Rachael Bletchly says This Is Going To Hurt paints a bleak picture of the National Health Service under New Labor and can’t imagine what a horror show it would be under the latest Tory cuts
Image: BBC/Sister/AMC/Anika Molnar)
I have just watched all seven episodes of the BBC series This Is Going To Hurt.
I’m not a fan of medical dramas as they rarely reflect my own nursing experience or the stories of doctor buddies.
And while I loved Adam Kay’s Diaries, I wondered if they would work on TV with all the gory humor and gallows.
But Ben Whishaw is a bloody wonder as a weary young doctor.
And murderous drama should be prescribed to all Tory politicians who have rolled up their sleeves for a photo op in a gleaming hospital unit.
Because they never see what it REALLY is like on the shabby, bodily fluid-splattered frontline of the NHS.
Or how the heroes they cheered on for those other photo ops are performing daily miracles with depleted equipment, staff shortages, and chronic underfunding.
This series is therefore a visceral and timely reminder of the true face of our NHS.
And the tired features of its doctors and nurses should erase the smiles from the MPs’ mugs.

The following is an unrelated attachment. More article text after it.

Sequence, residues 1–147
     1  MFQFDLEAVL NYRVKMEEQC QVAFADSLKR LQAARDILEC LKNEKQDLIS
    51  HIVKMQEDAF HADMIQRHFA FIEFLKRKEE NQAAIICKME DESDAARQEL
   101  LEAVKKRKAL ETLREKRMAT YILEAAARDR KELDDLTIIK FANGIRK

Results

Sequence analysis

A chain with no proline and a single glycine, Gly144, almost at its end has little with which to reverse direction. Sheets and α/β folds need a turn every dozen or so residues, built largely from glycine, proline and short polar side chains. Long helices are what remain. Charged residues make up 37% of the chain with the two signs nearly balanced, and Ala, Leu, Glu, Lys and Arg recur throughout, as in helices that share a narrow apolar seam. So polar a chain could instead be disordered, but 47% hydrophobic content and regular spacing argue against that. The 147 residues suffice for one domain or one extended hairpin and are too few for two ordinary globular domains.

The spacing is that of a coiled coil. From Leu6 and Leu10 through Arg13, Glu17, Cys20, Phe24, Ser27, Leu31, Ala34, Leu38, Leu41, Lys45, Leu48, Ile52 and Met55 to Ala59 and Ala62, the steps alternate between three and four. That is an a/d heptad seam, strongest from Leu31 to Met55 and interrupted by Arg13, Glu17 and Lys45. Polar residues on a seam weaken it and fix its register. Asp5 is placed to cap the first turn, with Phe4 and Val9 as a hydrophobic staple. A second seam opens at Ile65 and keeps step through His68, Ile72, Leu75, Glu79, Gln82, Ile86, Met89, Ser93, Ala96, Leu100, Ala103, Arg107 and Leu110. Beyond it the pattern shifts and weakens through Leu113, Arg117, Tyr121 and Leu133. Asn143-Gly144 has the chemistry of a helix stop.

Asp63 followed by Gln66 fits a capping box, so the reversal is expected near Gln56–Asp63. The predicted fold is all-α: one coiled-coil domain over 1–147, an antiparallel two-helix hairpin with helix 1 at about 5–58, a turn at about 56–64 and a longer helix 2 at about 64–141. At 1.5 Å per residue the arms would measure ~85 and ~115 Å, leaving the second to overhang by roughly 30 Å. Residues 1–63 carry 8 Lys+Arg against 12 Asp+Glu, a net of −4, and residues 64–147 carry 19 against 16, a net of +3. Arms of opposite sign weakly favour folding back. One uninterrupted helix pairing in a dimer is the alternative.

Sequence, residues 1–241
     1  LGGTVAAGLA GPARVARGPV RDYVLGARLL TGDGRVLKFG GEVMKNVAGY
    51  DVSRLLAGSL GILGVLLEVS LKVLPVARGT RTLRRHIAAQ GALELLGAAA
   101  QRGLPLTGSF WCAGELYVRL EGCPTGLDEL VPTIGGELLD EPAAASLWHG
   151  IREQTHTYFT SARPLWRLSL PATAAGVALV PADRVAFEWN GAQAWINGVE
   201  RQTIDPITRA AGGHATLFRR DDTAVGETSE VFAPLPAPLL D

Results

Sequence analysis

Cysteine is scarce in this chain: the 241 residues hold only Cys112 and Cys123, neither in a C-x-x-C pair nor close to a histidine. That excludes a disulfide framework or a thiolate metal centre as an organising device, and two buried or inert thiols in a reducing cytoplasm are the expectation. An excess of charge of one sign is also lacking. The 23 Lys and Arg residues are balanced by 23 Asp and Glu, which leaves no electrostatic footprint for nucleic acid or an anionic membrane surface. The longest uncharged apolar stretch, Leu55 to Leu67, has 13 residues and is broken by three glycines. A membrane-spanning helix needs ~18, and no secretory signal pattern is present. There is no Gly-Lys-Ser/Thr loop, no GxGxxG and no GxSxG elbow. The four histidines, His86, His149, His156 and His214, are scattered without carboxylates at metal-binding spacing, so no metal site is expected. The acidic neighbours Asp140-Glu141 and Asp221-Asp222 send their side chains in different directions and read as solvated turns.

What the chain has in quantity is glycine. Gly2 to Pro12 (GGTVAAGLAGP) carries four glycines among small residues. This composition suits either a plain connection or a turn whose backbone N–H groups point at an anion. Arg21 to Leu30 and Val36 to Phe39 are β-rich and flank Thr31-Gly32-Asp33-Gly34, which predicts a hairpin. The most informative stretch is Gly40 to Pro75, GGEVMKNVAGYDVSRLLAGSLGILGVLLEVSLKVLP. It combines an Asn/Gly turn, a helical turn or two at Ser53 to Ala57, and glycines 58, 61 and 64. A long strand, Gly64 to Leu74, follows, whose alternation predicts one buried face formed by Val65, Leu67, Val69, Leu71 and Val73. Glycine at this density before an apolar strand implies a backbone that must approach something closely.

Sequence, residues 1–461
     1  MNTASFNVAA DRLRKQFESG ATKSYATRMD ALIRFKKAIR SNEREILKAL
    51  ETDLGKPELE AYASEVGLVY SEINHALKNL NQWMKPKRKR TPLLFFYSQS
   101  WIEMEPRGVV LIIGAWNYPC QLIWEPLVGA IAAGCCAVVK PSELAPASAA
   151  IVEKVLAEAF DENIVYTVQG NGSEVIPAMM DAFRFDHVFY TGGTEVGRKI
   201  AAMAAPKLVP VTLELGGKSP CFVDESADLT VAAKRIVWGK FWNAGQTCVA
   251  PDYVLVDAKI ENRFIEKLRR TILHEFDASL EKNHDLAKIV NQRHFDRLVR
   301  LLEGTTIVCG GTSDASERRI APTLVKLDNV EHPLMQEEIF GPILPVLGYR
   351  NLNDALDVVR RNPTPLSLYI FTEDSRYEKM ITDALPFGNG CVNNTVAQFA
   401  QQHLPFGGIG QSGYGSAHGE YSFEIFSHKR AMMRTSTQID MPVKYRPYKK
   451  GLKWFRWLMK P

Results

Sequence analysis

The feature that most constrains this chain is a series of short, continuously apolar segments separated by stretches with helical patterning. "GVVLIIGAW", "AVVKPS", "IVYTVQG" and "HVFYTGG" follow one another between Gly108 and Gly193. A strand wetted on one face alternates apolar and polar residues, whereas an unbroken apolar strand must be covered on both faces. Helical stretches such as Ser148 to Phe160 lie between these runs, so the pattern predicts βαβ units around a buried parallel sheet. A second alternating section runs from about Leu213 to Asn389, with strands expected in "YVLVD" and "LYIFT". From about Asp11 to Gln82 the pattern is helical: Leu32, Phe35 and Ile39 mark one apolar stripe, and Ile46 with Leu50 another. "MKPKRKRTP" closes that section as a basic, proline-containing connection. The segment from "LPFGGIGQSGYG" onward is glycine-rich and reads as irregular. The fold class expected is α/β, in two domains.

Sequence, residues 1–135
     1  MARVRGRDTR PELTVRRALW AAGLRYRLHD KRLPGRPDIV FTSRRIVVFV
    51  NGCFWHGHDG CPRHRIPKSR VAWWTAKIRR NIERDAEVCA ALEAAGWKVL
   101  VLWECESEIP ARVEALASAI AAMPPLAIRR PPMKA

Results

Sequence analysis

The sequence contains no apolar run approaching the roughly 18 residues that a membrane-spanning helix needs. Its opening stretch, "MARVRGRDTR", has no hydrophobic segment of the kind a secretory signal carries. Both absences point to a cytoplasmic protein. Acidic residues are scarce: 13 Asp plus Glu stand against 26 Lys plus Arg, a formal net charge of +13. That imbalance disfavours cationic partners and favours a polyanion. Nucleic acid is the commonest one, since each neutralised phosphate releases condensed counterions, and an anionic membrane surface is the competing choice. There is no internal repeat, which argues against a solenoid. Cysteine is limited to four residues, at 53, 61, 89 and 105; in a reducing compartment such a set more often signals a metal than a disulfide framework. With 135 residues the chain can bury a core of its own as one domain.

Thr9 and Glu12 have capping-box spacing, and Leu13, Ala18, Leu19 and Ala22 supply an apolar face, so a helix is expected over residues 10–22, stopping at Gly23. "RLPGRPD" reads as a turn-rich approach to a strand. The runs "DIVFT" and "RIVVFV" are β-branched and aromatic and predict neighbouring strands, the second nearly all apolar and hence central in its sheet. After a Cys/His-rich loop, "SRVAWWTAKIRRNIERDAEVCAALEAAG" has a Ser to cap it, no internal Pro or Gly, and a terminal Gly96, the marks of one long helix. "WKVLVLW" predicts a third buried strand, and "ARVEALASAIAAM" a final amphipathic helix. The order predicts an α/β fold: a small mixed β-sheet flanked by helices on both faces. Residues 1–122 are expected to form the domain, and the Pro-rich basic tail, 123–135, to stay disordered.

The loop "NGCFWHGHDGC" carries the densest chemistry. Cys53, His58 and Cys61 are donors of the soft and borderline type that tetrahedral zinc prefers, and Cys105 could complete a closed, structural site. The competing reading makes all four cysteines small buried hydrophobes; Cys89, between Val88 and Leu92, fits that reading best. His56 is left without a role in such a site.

But, surprisingly, Adam Kay’s story is set in 2006 when New Labor was granted NHS remission. So what does it look like NOW after a decade of Tory austerity and their failed handling of a pandemic?
The NHS is in critical condition.
Six million people now languish on waiting lists while millions more have not bothered to seek treatment.
While the government calls it “a Covid backlog”, the pre-pandemic queue had already reached a record 4.5 million, thanks to 100,000 staff shortages.
They can’t even agree on a treatment plan to try and ease the pain.
This week the Prime Minister was forced to cancel his own recovery operation because the Chancellor and Health Secretary are arguing over the cost.
So he rushed to a plan to eliminate the cancer queue, then admitted it would take over a year.
Patients are suffering and dying because of 10 long years of conservative incompetence.
Now they expect us to swallow the bitter pill that wait times will “get worse before they get better”.
How long will this continue to hurt?